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How to tell malware apps from the real thing


A great way to evaluate the trustworthiness of an app is consider what permissions it looks for. A calculator app can be good, but if it wants access to your address book, then you should be wary. — dpa

A great way to evaluate the trustworthiness of an app is consider what permissions it looks for. A calculator app can be good, but if it wants access to your address book, then you should be wary. — dpa

It's no secret that not everything in app stores is really useful. Some apps are filled with advertising, others are badly coded and yet others are actually the work of scammers and cyber-criminals.

So how do you tell the good apps from the bad?

"A good indicator are the app reviews that users post in the Google Play Store or the Apple App Store," says Matthias Becker from Chip magazine. The reviews deal with an app's strengths and weaknesses from a user's perspective.

Markus Burgdorf from the consulting firm App Agency also considers these ratings to be valuable. "It helps to look at the screenshots, read the description text of the app carefully and then read the reviews," he says. Of course, one should be aware that some reviews can be fake.

Another way to evaluate the trustworthiness of an app is consider what permissions it looks for. "A calculator app can be good, but if it wants access to my address book I won't install it," Becker says.

Security, privacy and stability are the hallmarks of a good app, says Sven Rill, professor of mobile computing at the University of Applied Sciences in Hof, Germany.

"In the best case scenario, the app does without intrusive advertising, doesn't overdo in-app purchase offers and limits the permissions it demands to a minimum," he says.

"A good app makes my everyday life easier and doesn't make it any more complicated," Burgdorf says.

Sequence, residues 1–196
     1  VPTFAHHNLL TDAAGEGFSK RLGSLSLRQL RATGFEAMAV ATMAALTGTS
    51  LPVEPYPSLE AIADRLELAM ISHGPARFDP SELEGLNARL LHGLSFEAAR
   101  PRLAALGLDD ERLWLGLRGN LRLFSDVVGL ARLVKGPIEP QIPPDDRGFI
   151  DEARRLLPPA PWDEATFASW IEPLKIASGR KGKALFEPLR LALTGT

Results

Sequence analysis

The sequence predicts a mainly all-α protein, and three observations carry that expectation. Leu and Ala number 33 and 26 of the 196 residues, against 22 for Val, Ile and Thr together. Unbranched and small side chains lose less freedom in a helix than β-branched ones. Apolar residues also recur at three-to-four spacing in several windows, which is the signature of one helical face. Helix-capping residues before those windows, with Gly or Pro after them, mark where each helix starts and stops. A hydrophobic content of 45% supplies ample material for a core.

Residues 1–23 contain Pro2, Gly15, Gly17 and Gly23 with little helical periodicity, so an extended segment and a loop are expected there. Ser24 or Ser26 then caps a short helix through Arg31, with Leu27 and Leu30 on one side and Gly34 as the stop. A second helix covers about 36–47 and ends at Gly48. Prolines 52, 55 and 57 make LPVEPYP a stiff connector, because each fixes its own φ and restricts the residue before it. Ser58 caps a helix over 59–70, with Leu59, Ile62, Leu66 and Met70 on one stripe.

"There are often a large number of apps that to 80% are offering the same functionality," Rill says. "Whether one of these is successful depends on the remaining 20%."

The application should match its stated purpose, the professor says: "For example, a shopping list app does not need a navigation function."

Often you just have to try out an app to see if it's any good. But you should be aware of pitfalls – "Some apps are offered 'free' but in return they collect user data which is then used by the provider," Rill warns.

There are also apps that promise to unlock certain features in return for a good rating or which make money from users via hidden subscriptions, says app expert Burgdorf. Especially in games, there's a risk of spending too much on in-app purchases.

And there's also the danger of fake apps. "Successful apps are often faked," Burgdorf says. In those cases the name of a genuine app is slightly changed and screenshots and descriptions copied from the original listing. Such apps are often free but stuffed with ads or else don't work at all.

Some apps are really malware trying to collect smartphone data or make money by sending expensive text messages. Becker advises caution if an app sounds too good to be true. "If an app promises to make mobile Internet turbo-fast, you should first carefully read the app description and the user reviews." — dpa
   

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